Turkey to Allow Iraqi Kurds to Reinforce Kobani
by VOA News October 20, 2014
Turkey said on Monday it is helping Iraqi Kurds cross into Syria to aid Kurdish fighters in Kobani as they battle to hold off an advance by Islamic State militants.
The announcement Monday by Turkish Foreign Minister Mevlut Cavusoglu came as the U.S. said it airdropped weapons, ammunition and medical supplies from Kurdish authorities in Iraq to the Kurdish forces defending Kobani, also known as Ayn al-Arab and located just south of the Turkish border.
Cavusoglu offered no additional details of Turkey's assistance for the peshmerga fighters. But he said Ankara wants to eliminate threats along the border region and is cooperating with the U.S.-led coalition fighting the Islamic State jihadists.
'We are fully cooperating with the coalition with respect to Kobani. We want to eliminate all kind of threats in the region and we see the military and medical aid, outfitted by our Iraqi Kurdish brothers and airdropped by the United States to all groups defending Kobani, from that perspective,' Cavusoglu said.
Also Monday, the U.S. Central Command said three C-130 aircraft carried out multiple successful airdrops of supplies on Sunday in the vicinity of Kobani.
The airdrops, the first in the fight for the border town, were 'intended to enable continued resistance against ISIL's attempts to overtake Kobani,' the U.S. Central Command statement said. The acronym is another name for the Islamic State group.
A Turkish foreign ministry official said on Monday that Turkish airspace was not used during the airdrops carried out by the United States.
On Sunday, Turkish President Recep Tayyip Erdogan said his country would not arm the Kurdish fighters, calling them 'equal' to the Kurdistan Workers Party (PKK) that both Turkey and the U.S. consider a terrorist group.
Ankara bombed the PKK last week in southeastern Turkey.
Senior officials told reporters that U.S. President Barack Obama notified Erdogan during a conversation late Saturday that the military would carry out the airdrops.
U.S. Secretary of State John Kerry said it would have been 'irresponsible' and 'morally very difficult' for the United States to not support the Kurdish fighters.
However, Kerry acknowledged Turkish concerns about support for the Kurds, and said the airdrop of supplies provided by the Kurdish authorities in Iraq did not amount to a change of U.S. policy.
"We understand fully the fundamentals of (Ankara's) opposition and ours to any kind of terrorist group, and particularly, obviously, the challenges they face with respect to the PKK," Kerry told reporters on Monday.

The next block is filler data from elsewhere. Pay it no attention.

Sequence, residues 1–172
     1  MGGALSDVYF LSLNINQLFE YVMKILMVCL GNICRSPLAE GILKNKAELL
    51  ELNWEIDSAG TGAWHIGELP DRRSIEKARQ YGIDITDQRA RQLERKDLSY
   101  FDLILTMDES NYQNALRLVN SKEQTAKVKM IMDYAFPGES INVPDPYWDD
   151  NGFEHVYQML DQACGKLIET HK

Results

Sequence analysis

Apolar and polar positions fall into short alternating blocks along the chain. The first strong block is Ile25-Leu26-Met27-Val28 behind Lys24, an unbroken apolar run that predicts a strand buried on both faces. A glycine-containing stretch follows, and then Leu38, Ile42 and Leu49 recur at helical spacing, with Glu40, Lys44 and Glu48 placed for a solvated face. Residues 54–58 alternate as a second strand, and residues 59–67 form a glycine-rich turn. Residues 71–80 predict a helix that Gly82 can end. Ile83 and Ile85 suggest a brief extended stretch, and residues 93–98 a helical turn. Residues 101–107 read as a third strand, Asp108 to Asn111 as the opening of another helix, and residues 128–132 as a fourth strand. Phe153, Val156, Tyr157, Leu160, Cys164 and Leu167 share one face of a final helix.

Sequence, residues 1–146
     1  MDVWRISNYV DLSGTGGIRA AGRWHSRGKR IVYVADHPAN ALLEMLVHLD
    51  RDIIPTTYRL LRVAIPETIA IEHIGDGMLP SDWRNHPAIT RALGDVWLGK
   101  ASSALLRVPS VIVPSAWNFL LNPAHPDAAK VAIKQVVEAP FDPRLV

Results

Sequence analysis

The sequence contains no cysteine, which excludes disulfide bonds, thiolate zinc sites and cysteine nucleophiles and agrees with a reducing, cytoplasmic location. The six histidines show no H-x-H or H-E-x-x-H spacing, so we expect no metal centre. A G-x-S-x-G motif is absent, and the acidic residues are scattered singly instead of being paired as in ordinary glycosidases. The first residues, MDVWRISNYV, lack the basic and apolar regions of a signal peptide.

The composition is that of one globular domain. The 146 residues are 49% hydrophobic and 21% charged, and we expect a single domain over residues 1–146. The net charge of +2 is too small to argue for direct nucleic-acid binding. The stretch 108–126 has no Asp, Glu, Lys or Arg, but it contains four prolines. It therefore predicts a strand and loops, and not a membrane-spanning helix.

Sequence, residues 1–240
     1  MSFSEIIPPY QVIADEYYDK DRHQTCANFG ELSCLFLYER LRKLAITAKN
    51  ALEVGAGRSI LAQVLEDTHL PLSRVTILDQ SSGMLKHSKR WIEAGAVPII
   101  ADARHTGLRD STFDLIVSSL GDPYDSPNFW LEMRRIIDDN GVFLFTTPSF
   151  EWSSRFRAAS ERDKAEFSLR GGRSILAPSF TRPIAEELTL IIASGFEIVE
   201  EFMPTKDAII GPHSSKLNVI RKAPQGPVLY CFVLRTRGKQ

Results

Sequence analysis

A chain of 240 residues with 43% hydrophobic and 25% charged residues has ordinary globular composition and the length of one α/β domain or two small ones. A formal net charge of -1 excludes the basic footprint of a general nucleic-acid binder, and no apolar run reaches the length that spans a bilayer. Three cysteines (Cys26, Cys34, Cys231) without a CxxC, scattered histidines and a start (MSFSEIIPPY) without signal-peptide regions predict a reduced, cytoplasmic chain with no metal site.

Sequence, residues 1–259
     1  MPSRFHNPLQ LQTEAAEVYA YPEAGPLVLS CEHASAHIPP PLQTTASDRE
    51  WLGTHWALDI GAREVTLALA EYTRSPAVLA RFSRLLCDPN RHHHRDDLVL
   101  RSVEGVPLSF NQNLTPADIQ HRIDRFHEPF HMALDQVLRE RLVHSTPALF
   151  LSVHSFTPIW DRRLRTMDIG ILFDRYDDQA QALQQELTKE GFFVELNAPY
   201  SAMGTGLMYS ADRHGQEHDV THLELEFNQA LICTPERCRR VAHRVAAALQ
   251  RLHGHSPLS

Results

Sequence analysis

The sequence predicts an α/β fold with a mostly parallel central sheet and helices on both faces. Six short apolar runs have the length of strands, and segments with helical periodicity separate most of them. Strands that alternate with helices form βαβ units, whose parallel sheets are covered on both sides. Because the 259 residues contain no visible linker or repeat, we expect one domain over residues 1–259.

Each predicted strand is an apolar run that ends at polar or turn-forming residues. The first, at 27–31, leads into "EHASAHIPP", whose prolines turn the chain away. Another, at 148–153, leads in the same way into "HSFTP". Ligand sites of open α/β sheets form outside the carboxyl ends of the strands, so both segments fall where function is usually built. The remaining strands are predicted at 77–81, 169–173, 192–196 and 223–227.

But he added: "We cannot take our eye off the prize here. It would be irresponsible of us, as well as morally very difficult, to turn your back on a community fighting ISIL."
Senior officials also said the build-up of Islamic State forces near Kobani in recent weeks has provided an opportunity for U.S. military operations to target the group's 'finite resources.'
The officials described the people of Kobani as being at risk of massacre, and said delivering supplies was not only a humanitarian mission but also a way to strike a blow against the militants.
Airstrikes in Syria, Iraq
Meanwhile, the U.S. military conducted six airstrikes against Islamic State militants near Kobani on Sunday and Monday, Central Command said in a statement.
U.S. forces, in coordination with Iraqi ground troops, also conducted six airstrikes against the militant group in Iraq near Fallujah and Bayji with help from France and the United Kingdom, the statement said.
The U.S. statement said 135 U.S.-led airstrikes near Kobani have helped slow the Islamic State group's advances in a battle the Pentagon insists has left hundreds of jihadist fighters dead.
Also on Monday, Egyptian Prime Minister Ibrahim Mehleb said the country has no plans to provide the United States with direct military assistance in its war against Islamic State militants in Iraq and Syria, even though American aerial bombardment may not be enough to defeat the group.
But Mehleb left open the possibility of military action if Cairo's Gulf Arab allies are threatened by the al-Qaida offshoot.
With one of the biggest armies in the Middle East and wide experience in battling militancy, Egypt is regarded as a vital ally for the United States, which provides billions of dollars in annual aid to Cairo.
Mehleb said Egypt's priority is ensuring stability at home, where security officials face resilient jihadist insurgents based in the Sinai Peninsula and regard militants in neighboring Libya as a serious threat.
Recruitment of foreign fighters
In Indonesia, where he attended the inauguration of new President Joko Widodo, Kerry on Monday sought support in Asia for the fight against Islamic State militants, specifically ways to disrupt the recruitment of foreign fighters.
He met with officials from Indonesia, Australia, Brunei, Malaysia, the Philippines and Singapore.
An official traveling with Kerry said he is hopeful Indonesia and its predominantly Muslim neighbors Malaysia and Brunei can play a significant role in confronting Islamist extremism.
VOA Correspondent Scott Bobb on the Turkish side of the Syria-Turkey border near Kobani said a few explosions could be heard in Kobani Monday morning.
Syrian refugees who had spoken with family and friends still in Kobani told the VOA that the airdrops of weapons and medical supplies give them hope and they see the action as a vote of confidence from the U.S.-led coalition.
Meanwhile in neighboring Iraq, militants unleashed new bomb attacks that killed at least 33 people at a Baghdad mosque and in the holy city of Karbala.
Scott Bobb contributed to this report from Turkey. Some material for this report came from Reuters and AFP.
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